3 Steps to Improving Your Stamina

3 Steps to Improving Your Stamina

By: David Dack

Natural SocietyBuilding stamina requires time and practice, and the payoffs are worth the efforts. Good stamina is key to getting the most out of your training sessions and enjoying your life. For instance, if you can’t sustain running—or any other cardiovascular training—for more than 20 minutes, then you’re probably not benefiting from the training and may be actually wasting your time and energy.

Therefore, if you want to increase your stamina for running training—or for any other workout regime—here are 3 ways that can help.

1. Set Realistic Goals

The fastest way to face difficulties with your running training is by trying to rush the training with over-the border and unrealistic goals. Do not rush this, nor be over-excited to develop good stamina. If your goals are well beyond what you currently can do, you’ll only increase the likelihood of injury and burnouts. Instead, the way to go is to set challenging but realistic goals and build on that.

For instance, if you can run for 10K but it takes you considerable effort ( you find yourself extremely exhausted and sore at the end of the workout), then you’re overdoing the exercise. The 10K isn’t a realistic goal for you. Instead, aim to run for 3 or 4 miles and gradually build your running distance. After a while, you’ll be able to run that 10K distance without much trouble in no time.

2. Add Tempo Runs

Adding distance is not enough, you need to make your training more intense. One of the best running training strategies is the tempo run. This type of running trains your body to run further and faster with less fatigue. Also known as lactate threshed training, tempo runs are key in developing metabolic fitness, this means that your body becomes more efficient at handling lactic acid from your working muscle, eventually leading to less fatigue. The more endurance level you have, the higher you push your lactate threshold.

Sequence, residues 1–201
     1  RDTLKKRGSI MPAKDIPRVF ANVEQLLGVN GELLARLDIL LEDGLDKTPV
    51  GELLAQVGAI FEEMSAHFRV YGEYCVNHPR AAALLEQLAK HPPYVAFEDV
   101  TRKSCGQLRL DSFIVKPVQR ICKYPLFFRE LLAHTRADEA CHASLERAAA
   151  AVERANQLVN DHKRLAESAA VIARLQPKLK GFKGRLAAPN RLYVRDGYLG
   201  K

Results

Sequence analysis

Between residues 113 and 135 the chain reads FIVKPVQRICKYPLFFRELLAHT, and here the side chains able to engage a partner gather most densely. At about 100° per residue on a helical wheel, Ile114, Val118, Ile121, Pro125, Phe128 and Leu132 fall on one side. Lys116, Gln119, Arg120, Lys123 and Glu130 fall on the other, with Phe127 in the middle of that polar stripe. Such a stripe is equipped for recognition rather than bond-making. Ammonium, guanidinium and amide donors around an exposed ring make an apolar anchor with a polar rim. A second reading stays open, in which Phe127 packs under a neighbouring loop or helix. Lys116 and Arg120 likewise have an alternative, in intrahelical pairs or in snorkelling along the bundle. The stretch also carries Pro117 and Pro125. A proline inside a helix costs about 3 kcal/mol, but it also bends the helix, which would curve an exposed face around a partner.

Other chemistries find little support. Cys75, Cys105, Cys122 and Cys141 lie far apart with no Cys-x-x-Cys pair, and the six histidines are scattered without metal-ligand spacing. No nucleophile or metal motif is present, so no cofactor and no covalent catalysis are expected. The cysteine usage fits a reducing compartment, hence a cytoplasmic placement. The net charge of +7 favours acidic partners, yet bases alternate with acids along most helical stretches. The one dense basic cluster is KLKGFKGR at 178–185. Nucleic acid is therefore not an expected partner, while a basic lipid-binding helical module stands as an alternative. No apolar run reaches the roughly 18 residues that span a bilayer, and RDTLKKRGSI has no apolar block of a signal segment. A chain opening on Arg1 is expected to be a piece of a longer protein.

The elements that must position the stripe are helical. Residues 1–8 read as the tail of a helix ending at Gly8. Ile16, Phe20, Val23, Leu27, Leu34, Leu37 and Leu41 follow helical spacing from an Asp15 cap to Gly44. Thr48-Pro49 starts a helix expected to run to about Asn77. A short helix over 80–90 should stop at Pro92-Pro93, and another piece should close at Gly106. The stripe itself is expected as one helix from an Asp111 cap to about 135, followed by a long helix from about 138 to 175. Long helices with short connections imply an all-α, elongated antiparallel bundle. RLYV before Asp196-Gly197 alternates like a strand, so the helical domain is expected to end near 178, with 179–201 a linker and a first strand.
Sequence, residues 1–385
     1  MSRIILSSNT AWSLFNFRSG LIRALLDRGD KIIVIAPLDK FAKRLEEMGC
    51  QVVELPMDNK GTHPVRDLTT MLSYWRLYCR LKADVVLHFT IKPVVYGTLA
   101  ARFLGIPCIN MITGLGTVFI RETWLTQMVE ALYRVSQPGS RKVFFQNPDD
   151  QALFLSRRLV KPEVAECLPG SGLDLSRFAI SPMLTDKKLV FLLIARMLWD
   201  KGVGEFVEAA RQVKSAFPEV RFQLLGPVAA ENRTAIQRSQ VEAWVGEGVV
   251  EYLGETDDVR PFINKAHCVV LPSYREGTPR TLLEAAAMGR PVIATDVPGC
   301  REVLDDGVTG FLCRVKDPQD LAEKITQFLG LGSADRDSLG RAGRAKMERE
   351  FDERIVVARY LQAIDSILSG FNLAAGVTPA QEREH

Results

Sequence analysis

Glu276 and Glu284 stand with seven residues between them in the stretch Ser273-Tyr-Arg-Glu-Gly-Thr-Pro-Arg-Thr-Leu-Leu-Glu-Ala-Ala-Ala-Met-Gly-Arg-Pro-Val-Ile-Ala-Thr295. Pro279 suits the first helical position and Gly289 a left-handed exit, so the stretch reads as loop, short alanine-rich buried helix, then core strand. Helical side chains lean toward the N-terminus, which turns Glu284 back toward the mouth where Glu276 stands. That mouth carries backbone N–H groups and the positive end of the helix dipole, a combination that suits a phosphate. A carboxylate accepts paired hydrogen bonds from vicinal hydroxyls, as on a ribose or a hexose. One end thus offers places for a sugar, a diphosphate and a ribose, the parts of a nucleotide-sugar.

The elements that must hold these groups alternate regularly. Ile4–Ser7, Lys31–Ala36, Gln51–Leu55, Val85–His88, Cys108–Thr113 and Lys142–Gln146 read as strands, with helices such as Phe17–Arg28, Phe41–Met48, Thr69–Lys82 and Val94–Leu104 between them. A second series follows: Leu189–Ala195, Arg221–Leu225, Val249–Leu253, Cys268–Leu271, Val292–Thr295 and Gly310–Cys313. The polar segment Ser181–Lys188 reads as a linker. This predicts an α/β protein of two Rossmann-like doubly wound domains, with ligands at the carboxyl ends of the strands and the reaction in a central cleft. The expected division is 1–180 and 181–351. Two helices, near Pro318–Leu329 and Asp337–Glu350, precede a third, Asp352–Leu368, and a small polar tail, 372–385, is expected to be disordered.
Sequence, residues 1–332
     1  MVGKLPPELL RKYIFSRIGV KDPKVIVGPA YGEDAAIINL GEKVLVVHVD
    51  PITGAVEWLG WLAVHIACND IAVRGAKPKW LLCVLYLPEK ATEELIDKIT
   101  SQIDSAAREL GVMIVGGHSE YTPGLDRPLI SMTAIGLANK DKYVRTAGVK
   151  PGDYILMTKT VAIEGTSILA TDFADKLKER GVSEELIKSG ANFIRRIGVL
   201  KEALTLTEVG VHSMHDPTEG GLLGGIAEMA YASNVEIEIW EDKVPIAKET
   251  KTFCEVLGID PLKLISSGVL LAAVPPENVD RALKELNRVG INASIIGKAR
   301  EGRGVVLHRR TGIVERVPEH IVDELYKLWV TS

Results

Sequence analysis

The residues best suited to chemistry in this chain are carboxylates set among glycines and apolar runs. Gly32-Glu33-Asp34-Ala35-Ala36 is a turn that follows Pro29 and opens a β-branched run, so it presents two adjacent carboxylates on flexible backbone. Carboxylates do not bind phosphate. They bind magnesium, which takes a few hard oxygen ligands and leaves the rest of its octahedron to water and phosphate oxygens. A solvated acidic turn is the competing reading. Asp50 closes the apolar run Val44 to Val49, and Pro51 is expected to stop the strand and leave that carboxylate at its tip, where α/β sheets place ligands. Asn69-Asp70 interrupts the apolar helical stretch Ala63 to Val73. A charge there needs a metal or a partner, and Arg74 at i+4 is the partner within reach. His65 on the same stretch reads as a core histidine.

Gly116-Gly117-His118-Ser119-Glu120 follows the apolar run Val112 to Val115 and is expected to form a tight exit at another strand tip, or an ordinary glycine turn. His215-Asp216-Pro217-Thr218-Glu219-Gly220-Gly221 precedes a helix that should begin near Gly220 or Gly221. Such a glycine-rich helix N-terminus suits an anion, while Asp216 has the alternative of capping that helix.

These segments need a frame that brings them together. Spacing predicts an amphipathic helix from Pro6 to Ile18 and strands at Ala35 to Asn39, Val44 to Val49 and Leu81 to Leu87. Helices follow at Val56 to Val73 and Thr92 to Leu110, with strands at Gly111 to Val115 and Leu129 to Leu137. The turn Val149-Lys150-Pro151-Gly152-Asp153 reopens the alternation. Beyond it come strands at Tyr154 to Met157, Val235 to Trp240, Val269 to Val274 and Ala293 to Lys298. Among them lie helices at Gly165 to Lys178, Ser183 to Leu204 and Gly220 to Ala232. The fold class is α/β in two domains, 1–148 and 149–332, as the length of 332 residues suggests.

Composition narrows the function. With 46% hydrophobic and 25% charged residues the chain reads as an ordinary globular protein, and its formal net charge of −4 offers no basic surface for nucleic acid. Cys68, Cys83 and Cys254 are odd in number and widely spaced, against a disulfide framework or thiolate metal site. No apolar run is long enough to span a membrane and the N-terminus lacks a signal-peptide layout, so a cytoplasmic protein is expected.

A tempo run pace is 70-80% of your maximum cardio power. This is the point where you start building lactic acid in your legs and working muscles. Start your run with 5 minutes of slow jogging, then gradually increase the intensity and continue with 15-25 minutes of running at about 10 seconds slower than your 10K pace. If you’re not sure how a 10K pace should feel like, just run at a pace that feels comfortably hard, but not too much.

3. Interval Running

If you don’t have enough time for a tempo run, interval running is the way to go. Also referred to as high intensity interval training (or HIIT), this type of training is ideal for shedding weight, increasing muscle mass, boosting running speed and performance, and enhancing overall fitness and health levels.

Here is a beginner interval workout:

  • Start with a 5 minute jog for warm-up ;
  • Run at interval pace (80-90% of your maximum heart rate) for one full minute, then jog slowly for one minutes recovery interval
  • Repeat the cycle 7-8 times :
  • End the workout with a 5 minute jog as a cool down. Breathe deeply and stretch afterwards.

The above program is just to give you an idea on how to proceed with an interval running workout. Don’t feel the need to follow it verbatim. Use some common sense and adjust it to your own needs and fitness level.

These 3 training guidelines can take your stamina levels beyond what thought possible. They are that powerful. Nevertheless, you need to practice the skill and put into action what you’ve just learned. Speed of implementation is key to success.

About the author

David Dack is a runner and an established author on weight loss, motivation and fitness. If you want more free tips from David Dack, you may visit his running website and for a limited time you can grab his special “Weight Loss By Running” free report. David’s information has helped many lose and keep off the weight through step-by-step techniques presented both in his articles and in his special reports.